Fate of nanomaterials: Is it surprising to discover that nanotubes can be released from plastics?

5/13/14 Sprint Bulletins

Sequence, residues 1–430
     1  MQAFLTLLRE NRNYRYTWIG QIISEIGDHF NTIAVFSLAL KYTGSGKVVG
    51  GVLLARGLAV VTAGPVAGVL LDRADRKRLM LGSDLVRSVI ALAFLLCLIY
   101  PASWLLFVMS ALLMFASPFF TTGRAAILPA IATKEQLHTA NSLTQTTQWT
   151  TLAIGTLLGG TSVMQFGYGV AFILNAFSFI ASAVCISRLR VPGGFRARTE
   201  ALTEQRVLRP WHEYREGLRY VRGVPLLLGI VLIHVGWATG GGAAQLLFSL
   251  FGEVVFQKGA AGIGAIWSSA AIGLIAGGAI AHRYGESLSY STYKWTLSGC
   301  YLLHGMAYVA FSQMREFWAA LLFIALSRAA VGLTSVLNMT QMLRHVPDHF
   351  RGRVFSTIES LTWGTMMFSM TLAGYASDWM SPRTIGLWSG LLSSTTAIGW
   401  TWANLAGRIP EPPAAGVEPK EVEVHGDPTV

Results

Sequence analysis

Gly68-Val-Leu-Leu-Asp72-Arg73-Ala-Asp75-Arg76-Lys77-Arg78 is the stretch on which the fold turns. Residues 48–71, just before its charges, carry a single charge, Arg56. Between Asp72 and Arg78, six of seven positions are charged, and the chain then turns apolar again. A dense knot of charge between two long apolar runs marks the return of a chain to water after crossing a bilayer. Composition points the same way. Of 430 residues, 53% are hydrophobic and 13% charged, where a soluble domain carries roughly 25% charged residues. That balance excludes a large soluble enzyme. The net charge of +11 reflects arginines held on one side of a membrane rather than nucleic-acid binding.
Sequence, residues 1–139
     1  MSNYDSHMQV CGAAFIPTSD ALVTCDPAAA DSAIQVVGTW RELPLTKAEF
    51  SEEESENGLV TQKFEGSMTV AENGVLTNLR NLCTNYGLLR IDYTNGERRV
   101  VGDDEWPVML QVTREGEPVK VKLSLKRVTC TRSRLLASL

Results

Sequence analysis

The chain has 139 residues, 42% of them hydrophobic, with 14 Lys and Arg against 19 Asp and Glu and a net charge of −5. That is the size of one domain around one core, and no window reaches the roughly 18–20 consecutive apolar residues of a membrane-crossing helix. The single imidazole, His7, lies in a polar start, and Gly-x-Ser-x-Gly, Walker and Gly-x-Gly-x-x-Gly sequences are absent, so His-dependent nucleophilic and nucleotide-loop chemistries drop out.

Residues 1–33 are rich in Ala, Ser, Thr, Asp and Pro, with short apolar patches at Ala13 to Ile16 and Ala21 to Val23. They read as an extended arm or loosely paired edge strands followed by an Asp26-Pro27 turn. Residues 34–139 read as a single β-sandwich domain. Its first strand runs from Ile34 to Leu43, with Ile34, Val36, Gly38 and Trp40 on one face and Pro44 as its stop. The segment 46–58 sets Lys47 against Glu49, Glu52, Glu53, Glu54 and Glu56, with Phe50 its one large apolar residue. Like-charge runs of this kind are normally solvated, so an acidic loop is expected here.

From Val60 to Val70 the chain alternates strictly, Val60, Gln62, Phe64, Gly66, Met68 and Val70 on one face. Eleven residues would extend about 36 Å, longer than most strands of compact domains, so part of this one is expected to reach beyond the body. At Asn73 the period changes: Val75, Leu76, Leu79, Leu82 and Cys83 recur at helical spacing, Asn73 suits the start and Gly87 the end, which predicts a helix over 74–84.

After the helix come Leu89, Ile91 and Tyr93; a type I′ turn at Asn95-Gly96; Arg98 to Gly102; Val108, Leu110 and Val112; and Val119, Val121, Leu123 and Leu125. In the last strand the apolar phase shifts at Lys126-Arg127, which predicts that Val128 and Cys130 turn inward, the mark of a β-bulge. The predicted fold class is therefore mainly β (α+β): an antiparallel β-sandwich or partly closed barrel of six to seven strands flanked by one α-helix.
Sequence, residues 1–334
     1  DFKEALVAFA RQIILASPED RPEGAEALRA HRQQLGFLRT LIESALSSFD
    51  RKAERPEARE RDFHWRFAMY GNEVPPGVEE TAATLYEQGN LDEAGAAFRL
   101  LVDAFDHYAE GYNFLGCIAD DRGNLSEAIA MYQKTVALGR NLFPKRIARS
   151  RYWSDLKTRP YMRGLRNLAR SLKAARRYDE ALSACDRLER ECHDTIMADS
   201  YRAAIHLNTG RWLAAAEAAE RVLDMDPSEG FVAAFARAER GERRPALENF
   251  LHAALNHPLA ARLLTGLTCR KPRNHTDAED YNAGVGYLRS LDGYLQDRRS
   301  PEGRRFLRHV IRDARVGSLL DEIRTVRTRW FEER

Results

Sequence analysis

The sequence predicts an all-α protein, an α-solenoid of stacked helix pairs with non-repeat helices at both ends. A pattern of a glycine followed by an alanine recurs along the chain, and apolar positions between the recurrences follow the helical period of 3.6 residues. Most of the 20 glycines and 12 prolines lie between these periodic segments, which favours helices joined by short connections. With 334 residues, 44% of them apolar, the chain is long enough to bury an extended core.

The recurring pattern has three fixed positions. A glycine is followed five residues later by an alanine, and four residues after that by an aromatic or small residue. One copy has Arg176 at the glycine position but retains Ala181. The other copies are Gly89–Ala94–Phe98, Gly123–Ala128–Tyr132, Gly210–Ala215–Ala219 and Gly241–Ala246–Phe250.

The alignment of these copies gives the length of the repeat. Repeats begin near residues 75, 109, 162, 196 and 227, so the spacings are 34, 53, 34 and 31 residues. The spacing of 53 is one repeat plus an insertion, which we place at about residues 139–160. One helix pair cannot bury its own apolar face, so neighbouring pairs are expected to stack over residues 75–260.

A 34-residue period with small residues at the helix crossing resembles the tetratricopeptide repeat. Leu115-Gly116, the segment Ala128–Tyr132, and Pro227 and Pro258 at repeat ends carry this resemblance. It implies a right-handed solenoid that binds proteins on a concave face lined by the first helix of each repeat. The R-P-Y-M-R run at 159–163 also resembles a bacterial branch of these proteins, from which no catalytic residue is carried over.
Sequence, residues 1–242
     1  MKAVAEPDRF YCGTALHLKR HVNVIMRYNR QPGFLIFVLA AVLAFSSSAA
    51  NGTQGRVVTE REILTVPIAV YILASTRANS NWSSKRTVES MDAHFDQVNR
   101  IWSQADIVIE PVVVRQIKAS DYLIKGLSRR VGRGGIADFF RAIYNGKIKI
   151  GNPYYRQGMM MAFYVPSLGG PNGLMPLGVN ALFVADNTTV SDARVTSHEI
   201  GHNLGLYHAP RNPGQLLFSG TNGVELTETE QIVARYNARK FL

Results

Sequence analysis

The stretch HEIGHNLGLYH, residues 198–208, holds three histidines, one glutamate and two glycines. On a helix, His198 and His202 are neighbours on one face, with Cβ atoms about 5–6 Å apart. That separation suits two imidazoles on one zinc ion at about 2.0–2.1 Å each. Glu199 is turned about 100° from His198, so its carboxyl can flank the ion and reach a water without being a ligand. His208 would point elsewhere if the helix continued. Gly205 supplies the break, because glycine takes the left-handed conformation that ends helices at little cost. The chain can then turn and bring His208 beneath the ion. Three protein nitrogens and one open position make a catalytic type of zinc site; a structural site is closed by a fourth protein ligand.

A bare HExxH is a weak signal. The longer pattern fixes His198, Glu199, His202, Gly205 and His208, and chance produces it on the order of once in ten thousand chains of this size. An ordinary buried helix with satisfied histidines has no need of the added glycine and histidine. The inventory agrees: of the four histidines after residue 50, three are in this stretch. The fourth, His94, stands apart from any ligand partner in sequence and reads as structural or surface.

We have long known that supposedly inert chemicals in plastics can break away from the finished product, exposing people and the environment to their health hazards. Flame retardants, plasticizers and monomers like Bisphenol A (BPA) are all well-known examples of chemicals that can emerge from plastics. Yet, somehow nanomaterials were assumed to be different—that  once embedded in a plastic they would stay put. But the forces of nature have demonstrated otherwise. Environmental degradation – UV light, moisture and abrasion–were found in this research to cause carbon nanotubes to be released from nanocomposites, as these polymers are called. The scientists say that given concern about carbon nanotubes’ potential environmental health effects, more research is needed to better understand exactly when and how fast such release happens, the toxicity of the materials and how improved design can increase the safety of the materials.


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